With Great Power by Michael S. Miller is a superhero roleplaying game that emulates the melodramatic, four-colour style of the Silver Age of comics. It’s uncannily attuned to the tropes of that era, and what’s more it’s fantastic fun to play.
I wanted to play a staunch defender of the people, a larger-than-life, powerful, positive character and boy did I ever get that in the Glowing Guardian! With his allies, Little Young’un and the Armoured Arcanist, he defends New York City (because of course New York City) from the plots of supervillains like Zoltrak the Cursed and the Incandescent Inquisitor!
So how does the game itself encourage such incredible stories?
Hey everyone! Someone played my game! And they recorded themselves doing it! And they had fun!
Remember when I wrote a one-shot Fate adventure featuring the Teenage Mutant Ninja Turtles? Well Allen Holloway, who has a YouTube channel called Check For Traps, has organised and run a live-streamed version of that adventure with four other roleplaying YouTubers. I am unreasonably happy that this has happened. I didn’t know any of these people, but somehow they found my stuff and liked it enough to run a game with it! And they had fun!
I found out about this game after talking to one of the players about his TMNT Fate game on Google Plus, but I had no idea it was based on my work until I actually watched the video. In fact, this is the first time I’ve heard for sure that anyone has actually run anything that I made. To get to watch it on top of that is a treat!
This seems like a good time to talk about my feelings for the new game. In short, I’m looking forward to it. My last Cortex Plus game, the X-Men drama Worthington Academy, wrapped up last year. I had no intention of running another one, but just before the Kickstarter launched I was starting to get the itch for a new Cortex Plus Drama campaign, and so Cortex Prime showed up at just the right time.
It’s December, my weekly Unknown Armies game has had its annual Christmas special, and I’ve been listening to a reading of Terry Pratchett’s Hogfather.
As a result of one or more of these things, I’ve found myself thinking about a dungeon crawl that drops a band of adventurers in a wintry ice fortress and pits them against an evil Santa Claus and his Christmassy minions. Here are some monsters that might populate such a dungeon crawl, which you can use for a game of Dungeon World if you’re so inclined.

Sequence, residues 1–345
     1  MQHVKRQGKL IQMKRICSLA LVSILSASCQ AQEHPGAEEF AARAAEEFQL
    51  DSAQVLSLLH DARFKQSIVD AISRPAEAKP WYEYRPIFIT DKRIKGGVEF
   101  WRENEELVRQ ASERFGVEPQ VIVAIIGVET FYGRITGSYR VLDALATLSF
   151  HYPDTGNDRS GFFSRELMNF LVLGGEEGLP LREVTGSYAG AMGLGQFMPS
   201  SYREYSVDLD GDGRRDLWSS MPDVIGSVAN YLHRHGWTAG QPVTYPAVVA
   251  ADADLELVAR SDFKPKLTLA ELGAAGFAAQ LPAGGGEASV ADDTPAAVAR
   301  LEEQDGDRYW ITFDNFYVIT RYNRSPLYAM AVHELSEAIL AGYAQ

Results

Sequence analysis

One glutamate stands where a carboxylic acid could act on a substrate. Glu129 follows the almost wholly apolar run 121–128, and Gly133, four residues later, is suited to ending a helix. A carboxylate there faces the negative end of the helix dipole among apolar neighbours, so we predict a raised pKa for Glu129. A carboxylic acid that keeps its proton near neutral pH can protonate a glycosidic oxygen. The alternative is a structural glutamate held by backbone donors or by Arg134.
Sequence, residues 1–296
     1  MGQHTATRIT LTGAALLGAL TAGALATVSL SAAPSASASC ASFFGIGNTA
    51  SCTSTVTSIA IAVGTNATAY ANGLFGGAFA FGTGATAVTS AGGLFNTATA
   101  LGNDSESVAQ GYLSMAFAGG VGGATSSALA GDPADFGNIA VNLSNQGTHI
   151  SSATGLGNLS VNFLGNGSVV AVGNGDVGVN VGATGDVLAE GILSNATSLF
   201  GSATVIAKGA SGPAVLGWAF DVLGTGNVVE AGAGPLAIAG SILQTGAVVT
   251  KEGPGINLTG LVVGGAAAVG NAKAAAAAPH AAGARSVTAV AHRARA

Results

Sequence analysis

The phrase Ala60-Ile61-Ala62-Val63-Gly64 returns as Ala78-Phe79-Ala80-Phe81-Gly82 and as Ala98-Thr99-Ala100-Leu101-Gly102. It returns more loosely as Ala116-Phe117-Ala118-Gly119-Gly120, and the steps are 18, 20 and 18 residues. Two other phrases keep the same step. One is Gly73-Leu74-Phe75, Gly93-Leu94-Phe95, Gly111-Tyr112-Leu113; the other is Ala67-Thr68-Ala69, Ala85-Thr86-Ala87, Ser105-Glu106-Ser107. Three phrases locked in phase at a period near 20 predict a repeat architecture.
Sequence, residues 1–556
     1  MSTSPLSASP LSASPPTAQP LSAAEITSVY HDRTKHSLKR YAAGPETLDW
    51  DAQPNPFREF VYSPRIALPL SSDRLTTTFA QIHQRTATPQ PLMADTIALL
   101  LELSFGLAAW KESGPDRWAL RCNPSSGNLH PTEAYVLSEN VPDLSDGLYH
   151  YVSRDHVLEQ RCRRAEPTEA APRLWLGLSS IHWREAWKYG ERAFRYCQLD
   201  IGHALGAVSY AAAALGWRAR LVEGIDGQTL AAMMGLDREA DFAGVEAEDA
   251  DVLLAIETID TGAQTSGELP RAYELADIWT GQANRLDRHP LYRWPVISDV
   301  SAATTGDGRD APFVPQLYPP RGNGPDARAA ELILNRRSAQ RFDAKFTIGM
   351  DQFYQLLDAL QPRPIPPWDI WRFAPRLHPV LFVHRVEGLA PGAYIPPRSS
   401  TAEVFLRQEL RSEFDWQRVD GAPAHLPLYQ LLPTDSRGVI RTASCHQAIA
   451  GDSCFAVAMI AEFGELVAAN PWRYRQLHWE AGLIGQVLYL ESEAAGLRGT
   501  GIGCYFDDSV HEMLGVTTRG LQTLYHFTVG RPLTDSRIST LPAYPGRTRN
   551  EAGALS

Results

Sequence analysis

Declaring that a game is “good” (or, worse, “bad”) is almost always a controversial prospect. In general, I prefer to say that I have liked or disliked a game rather than claim that it has an absolute or objective quality. “Good” is a subjective distinction, and opinion will vary from player to player.
That said, I feel pretty confident in defining what a good game is, as long as the definition itself leaves room for subjectivity.
I’m looking forward to seeing what his new design studio Magic Vacuum comes out with! I’ve no doubt that soon there will be new versions of Cortex Plus Action (used for Leverage and Firefly) and Cortex Plus Heroic (used for Marvel Heroic Roleplaying), which will make many fans of the system happy.
But my favourite is Cortex Plus Dramatic Roleplaying, which was spun out of the Smallville Roleplaying Game. It’s the only one of the three that gives me something I can’t currently get from any other RPG. I love it, but it has flaws. It could use a new edition.
Here’s what I would want to be updated, changed, clarified or kept in a new edition of Cortex Plus Dramatic Roleplaying.
This is my fourth and final blog post about adapting Teenage Mutant Ninja Turtles (TMNT) to the roleplaying game Fate. I’ve previously discussed systems (part 1), player characters (part 2), and written a one-shot adventure (part 3).
Now I want to talk about how I’d run longer TMNT campaigns.
As I mentioned last time, the shorter your campaign, the tighter and less fantastical your TMNT game should be. For a one-shot, I focused on a simple rescue tale with a single villain. But the TMNT franchise is a vast kitchen sink world (with, for example, ninjas, mutants, mad science, aliens, robots, magic, time travel, ancient civilisations, ghosts, Lovecraftian monsters, parallel dimensions, and superheroes), so in this post I’m going to explain just how bonkers I’d want to get if my players and I were committed to a significant number of sessions.